Why put a tax-deferral program in place when taxes are low?
Lessors and other savvy owners of business assets understand the financial benefits of a well-managed, programmatic 1031 Refers to the "nature or character" of the property and not to its "grade or quality." That is, real property held for investment or the productive use in a trade or business may generally be exchanged on a tax-deferred basis for other real property. Personal property held for investment or the productive use in a trade or business may generally be exchanged on a tax-deferred basis for other personal property, provided the personal property is of "like kind" or "like class." Professional tax advice should be obtained when planning exchanges. Like-Kind Exchange (LKE) system. But "bonus depreciation," a currently low capital gains tax rate, a reduced effective overall tax rate resulting from reduced corporate profits, and the prospect of increasing tax rates in the future are all causing asset owners to question whether a 1031 LKE program makes sense for them at this time. The simple answer - regardless of current taxable status - is probably a resounding "yes."
Bonus depreciation is intended to provide additional incentive for investment in capital assets, just as the original Section 1031 provisions were intended to do when they were instituted in the 1920s. These are effectively complimentary incentives, not competing ones. Bonus depreciation, by its very nature, allows the owner's tax basis to be written down more aggressively, meaning that the "gap" between fair market value and depreciated basis grows more quickly. This gap is the taxable income an asset owner realizes when the asset is sold. Consequently, while the owner realizes a current tax benefit from the acceleration of depreciation, upon sale of that asset the "benefit" is partially repaid through tax on the "gain" if the sale price exceeds the depreciated basis - unless, of course, the owner replaces that asset with a like-kind asset, and defers the tax through a 1031 exchange.
Another feature of the 1031 LKE allows for "step-in-the-shoes" depreciation, meaning the replacement asset enjoys the carry-over basis, effectively deferring the tax and leaving the cash available to the owner for purchase of the replacement asset. Fleet owners, lessors with a portfolio of assets, and companies constantly replacing capital assets used in their business can enjoy both the accelerated depreciation and the LKE benefits that convert tax liability to cash for investment.
But what if the owner's tax rate is lower today than it is expected to be in the future? Does it make sense to pay the tax today instead of deferring into a higher tax rate environment?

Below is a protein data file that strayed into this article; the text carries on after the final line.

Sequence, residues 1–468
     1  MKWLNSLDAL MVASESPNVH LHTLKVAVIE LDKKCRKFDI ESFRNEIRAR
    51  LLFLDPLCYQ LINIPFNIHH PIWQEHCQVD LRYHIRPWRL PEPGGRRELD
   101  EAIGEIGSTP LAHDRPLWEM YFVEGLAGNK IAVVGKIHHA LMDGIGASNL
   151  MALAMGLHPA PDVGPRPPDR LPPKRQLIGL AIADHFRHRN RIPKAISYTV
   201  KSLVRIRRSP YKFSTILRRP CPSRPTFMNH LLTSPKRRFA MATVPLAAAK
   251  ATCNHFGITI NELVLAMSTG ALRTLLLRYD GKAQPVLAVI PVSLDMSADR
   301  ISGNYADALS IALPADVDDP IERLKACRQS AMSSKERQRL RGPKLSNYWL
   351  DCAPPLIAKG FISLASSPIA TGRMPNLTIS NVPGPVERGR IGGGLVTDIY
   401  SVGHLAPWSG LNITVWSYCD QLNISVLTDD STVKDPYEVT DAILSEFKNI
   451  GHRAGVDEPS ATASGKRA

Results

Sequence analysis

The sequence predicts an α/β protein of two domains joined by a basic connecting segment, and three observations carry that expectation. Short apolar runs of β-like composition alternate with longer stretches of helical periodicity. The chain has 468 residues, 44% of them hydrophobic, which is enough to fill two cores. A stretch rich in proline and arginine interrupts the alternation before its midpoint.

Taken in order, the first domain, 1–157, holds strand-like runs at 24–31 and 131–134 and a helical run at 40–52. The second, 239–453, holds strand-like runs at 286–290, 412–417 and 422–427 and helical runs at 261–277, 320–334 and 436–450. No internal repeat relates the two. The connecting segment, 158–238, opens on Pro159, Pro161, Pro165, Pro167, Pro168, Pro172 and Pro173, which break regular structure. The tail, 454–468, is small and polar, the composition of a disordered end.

This question can be answered theoretically, but working with an LKE expert to determine the specifics of each situation is advisable. In general, however, deferring the tax today by replacing the sold asset with a like-kind asset through a 1031 exchange, generates a higher financial return. One of the basic tenets of the US leasing industry, where nearly $650 billion of assets are leased and financed annually, illustrates that a dollar of tax paid today is more expensive than a dollar of tax paid "tomorrow." And unless the taxpayer plans to liquidate or go out of business, the opportunity to employ successive LKE's effectively allows an indefinite deferral of the tax liability for so long as replacement assets are being acquired.
Regardless of the amount of deferral, any amount not paid in current taxes is, effectively, another source of cash. At a time when credit tightening, widening spreads, and increasingly-burdensome covenants and conditions characterize the capital markets, a careful cost-of-capital analysis will illustrate another real benefit of an LKE. Some owners measure the value of their LKE not as a tax deferral, but by its impact on their real cost of funds - the avoided cost of issuing debt or equity is significant, and by preserving the cash that otherwise leaves the company in the form of taxes paid, owners can re-deploy that cash to acquire replacement assets at a lower effective cost. Lower effective cost of assets then translates into greater operating efficiencies, which improves margins and profitability or makes the enterprise more competitive in the market. Either way, tapping the cash "hidden" in assets being sold and replaced is by all measures a good thing.
Finally, there's considerable value in putting in place an asset management process to track multiple depreciation streams on a single asset; match assets sold and acquired to optimize the like-kind opportunities; compare high-tax-basis assets with lower-basis assets when deciding which to sell (to optimize after-tax proceeds) - the process itself can help make an enterprise more efficient. Designed to optimize the LKE deferral, a system that also provides asset management information can be a valuable differentiator for day-to-day operations.
So for those business asset owners who think the current tax environment may not be the right time to put in place a comprehensive, programmatic 1031 LKE process supported by systems and professionals, there may actually never be a better time. Ski slope operators use the time when there's no snow on the slopes to do the sub-surface and trail maintenance that will make their revenue season better. Fire marshals conduct their safety inspections and recommend improvements when buildings are not on fire. Farmers don't wait for the infestation to protect crops from pests. And taxpayers should seize the opportunity of putting systems in place even when the immediate impact may not be as great as they should expect it will one day be.